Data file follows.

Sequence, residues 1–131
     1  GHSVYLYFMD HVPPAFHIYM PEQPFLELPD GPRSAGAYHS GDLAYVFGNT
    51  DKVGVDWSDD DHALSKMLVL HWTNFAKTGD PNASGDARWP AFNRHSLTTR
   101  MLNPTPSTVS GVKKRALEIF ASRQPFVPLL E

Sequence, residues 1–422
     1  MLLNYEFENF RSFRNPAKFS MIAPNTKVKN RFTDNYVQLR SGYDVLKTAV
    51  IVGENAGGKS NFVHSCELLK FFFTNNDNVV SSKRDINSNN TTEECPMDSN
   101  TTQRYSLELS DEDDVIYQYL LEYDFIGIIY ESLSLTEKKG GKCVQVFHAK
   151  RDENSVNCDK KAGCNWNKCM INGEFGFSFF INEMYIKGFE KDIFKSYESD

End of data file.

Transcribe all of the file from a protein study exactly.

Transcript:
Sequence, residues 1–131
     1  GHSVYLYFMD HVPPAFHIYM PEQPFLELPD GPRSAGAYHS GDLAYVFGNT
    51  DKVGVDWSDD DHALSKMLVL HWTNFAKTGD PNASGDARWP AFNRHSLTTR
   101  MLNPTPSTVS GVKKRALEIF ASRQPFVPLL E

Sequence, residues 1–422
     1  MLLNYEFENF RSFRNPAKFS MIAPNTKVKN RFTDNYVQLR SGYDVLKTAV
    51  IVGENAGGKS NFVHSCELLK FFFTNNDNVV SSKRDINSNN TTEECPMDSN
   101  TTQRYSLELS DEDDVIYQYL LEYDFIGIIY ESLSLTEKKG GKCVQVFHAK
   151  RDENSVNCDK KAGCNWNKCM INGEFGFSFF INEMYIKGFE KDIFKSYESD